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Friday April 19, 2013 MYT 12:00:00 AM
Friday April 26, 2013 MYT 12:16:51 AM
by nigel edgar
KUCHING: The ultimate underdogs in an election — whether parliamentary or state — are the independent candidates, also known as “irritants”, “fly-by-night politicians”, “spoilers” and “opportunists” to name but a few unsavoury labels.
With limited resources, some of them set off for battle with nothing more than their political convictions. And then, there are those whose intentions might not be so clear and are allegedly planted by certain quarters (such as established parties) to split the votes in their favour.
Whatever their purpose, independent candidates have become part of the political landscape during each election and they add to the excitement when against all odds — like David versus Goliath — they win.
Since the first parliamentary polls in 1969, a total of 173 independent candidates have entered the fray, and only 10 have won in parliamentary elections in Sarawak to date.
Joseph Unting Umang was the first independent candidate to win in Sarawak and he did it in a seven-cornered fight in Kanowit in the state’s first parliamentary elections in 1969. A total of 23 independent candidates were contesting in that year’s parliamentary polls.
Garnering 2,030 votes, Unting won with a slim margin of 488 votes over his closest rival SUPP’s Chua Kai Siong.
After Unting, however, independent candidates had to wait until 1982 for a breakthrough. In the 1982 elections three independent candidates won, followed by two in 1986 and four in 1990.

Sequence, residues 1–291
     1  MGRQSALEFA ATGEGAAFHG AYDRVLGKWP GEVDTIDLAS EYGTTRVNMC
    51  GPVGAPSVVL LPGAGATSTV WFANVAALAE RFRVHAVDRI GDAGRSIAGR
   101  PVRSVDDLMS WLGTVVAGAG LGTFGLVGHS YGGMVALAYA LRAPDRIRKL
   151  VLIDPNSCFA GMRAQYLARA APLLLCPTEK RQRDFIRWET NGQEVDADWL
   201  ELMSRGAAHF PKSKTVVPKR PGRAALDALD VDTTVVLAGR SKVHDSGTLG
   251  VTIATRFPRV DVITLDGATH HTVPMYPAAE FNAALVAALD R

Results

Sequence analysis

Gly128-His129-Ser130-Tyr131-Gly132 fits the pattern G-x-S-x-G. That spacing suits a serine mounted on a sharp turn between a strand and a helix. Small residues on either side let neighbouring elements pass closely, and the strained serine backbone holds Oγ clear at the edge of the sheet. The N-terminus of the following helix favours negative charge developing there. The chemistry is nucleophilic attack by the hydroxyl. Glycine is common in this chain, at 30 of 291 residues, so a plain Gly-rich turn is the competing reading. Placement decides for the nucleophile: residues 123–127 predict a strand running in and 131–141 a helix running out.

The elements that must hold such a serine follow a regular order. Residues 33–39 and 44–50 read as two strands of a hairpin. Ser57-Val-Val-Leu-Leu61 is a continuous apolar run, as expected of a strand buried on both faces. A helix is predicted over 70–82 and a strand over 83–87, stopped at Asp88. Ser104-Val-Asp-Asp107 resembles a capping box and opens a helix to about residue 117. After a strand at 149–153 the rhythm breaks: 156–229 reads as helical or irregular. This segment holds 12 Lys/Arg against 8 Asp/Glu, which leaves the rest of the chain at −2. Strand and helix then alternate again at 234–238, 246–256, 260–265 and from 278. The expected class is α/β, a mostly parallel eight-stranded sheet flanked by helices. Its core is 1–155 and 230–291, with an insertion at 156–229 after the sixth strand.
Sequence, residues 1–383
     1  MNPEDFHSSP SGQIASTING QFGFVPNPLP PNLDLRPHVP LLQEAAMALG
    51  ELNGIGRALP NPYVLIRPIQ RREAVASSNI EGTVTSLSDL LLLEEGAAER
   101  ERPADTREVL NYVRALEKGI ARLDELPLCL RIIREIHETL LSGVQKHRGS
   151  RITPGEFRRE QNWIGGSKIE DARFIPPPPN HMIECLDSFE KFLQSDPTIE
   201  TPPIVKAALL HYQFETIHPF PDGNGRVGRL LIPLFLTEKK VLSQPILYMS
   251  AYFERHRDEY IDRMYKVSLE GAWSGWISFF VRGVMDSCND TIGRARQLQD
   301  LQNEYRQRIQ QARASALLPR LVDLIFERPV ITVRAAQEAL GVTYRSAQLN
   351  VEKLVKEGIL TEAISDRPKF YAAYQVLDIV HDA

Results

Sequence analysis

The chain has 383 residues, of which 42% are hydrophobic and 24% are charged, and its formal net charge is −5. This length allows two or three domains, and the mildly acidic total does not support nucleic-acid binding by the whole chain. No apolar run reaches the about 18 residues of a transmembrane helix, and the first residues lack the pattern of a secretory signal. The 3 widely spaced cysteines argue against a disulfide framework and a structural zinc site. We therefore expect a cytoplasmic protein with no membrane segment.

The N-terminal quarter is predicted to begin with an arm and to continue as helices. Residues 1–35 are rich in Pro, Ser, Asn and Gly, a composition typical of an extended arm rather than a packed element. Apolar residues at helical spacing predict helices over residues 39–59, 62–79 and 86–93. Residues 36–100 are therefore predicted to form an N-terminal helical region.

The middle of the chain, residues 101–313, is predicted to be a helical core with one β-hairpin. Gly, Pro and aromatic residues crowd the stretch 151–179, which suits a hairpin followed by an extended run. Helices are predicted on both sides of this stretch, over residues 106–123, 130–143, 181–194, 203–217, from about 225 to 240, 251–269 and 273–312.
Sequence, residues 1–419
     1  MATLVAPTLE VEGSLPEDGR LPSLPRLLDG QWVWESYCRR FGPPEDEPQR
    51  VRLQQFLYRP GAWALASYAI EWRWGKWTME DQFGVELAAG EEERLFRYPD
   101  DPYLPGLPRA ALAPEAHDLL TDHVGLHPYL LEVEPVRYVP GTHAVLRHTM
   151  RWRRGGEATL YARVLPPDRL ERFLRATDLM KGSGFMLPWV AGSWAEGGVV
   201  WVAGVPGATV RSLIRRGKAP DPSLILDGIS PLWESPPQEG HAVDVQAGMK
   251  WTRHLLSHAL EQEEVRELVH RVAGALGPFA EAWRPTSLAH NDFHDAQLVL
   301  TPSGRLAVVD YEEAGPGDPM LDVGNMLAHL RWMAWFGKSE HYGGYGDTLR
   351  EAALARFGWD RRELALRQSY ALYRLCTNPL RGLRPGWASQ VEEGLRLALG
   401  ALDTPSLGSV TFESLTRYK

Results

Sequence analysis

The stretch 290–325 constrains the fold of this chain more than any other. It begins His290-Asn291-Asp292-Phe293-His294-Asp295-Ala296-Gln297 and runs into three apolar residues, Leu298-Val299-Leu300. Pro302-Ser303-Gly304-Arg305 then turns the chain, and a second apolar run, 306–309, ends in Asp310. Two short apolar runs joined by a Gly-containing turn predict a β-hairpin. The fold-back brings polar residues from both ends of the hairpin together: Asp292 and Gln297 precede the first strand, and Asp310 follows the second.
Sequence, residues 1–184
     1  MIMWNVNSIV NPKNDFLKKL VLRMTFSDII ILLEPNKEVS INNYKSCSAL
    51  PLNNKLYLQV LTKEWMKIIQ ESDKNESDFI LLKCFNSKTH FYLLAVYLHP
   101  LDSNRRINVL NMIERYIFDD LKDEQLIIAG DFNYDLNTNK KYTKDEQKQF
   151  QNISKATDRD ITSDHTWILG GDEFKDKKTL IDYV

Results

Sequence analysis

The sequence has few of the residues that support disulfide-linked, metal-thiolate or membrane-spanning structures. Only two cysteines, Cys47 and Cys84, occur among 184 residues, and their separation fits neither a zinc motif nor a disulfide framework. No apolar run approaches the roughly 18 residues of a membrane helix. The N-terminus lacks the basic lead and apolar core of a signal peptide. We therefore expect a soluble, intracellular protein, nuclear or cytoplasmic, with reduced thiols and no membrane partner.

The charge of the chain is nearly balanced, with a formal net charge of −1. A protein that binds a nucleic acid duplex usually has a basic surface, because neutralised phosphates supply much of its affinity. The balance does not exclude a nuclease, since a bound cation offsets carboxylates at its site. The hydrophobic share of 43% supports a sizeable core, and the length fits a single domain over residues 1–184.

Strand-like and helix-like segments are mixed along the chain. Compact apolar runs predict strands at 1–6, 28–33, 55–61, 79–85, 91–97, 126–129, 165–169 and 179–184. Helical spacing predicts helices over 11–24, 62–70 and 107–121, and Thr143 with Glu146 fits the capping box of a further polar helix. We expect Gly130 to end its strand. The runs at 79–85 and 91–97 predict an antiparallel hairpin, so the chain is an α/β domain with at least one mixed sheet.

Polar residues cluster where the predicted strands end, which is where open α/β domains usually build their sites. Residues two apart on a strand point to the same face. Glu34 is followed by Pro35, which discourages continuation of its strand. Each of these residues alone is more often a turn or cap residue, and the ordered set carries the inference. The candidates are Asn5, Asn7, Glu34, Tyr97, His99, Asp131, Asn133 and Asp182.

There has not been any successful independent candidate in any parliamentary election in Sarawak since 1990. The year 1986 also saw the biggest number of them in the fray at 28.
In the 2004 elections, there were 10 independent candidates while in 2008 there were 11. Some of the names of the successful independent candidates were Patrick Uren, Edwin Tangkon and Edmund Langgu in 1982, Linus Andrew Luwak and Nicholas Munong Ibau in 1986, and Richard Riot, Joseph Mauh, Billy Abit Joo and Harrison Ngau Laing in 1990.
Riot and Abit eventually joined SUPP and PBDS respectively and continued to defend their seats. After PBDS was de-registered in 2004, Abit defended the seat under the PRS flag.
The 2004 and 2008 parliamentary elections in Lubok Antu saw an unexpected twist.
In 2004, independent candidate William Nyalau Badak contested against Jawah Gerang (BN). Jawah won with a 6,962 majority.
However, following PBDS’ deregistration that year, Jawah remained partyless until he joined PKR and did not seek re-election in 2008.
That year, Nyalau joined PRS and won with 6,769 majority against independent candidate Nicholas Bawin Anggat in a straight fight.
One former independent candidate who is now an elected representative representing a party said the number of independent candidates was closely related to the political situation of the day such as party infighting.
One such example was the G5 - a group of five elected representatives who were sacked from SPDP for insubordination.
One of them is Mas Gading incumbent Datuk Dr Tiki Lafe who is rumoured to defend his seat as an Independent.
Another rumour is that former Bukit Begunan assemblyman Donald Lawan might contest in Sri Aman as an Independent against incumbent Masir Kujat from PRS.
Although the election deposit has been increased from RM5,000 to RM10,000 from the 1999 parliamentary elections onwards, money is not so much an issue. Many of these candidates were people with money, said a former Independent. Of course a candidate will lose his election deposit if he/she fails to garner more than 12.5% of the total votes cast.
He did not deny that the strategy of planting independent candidates to split votes in difficult constituencies could be making a comeback nowadays as the political scenarios in the country is beginning to show some color.
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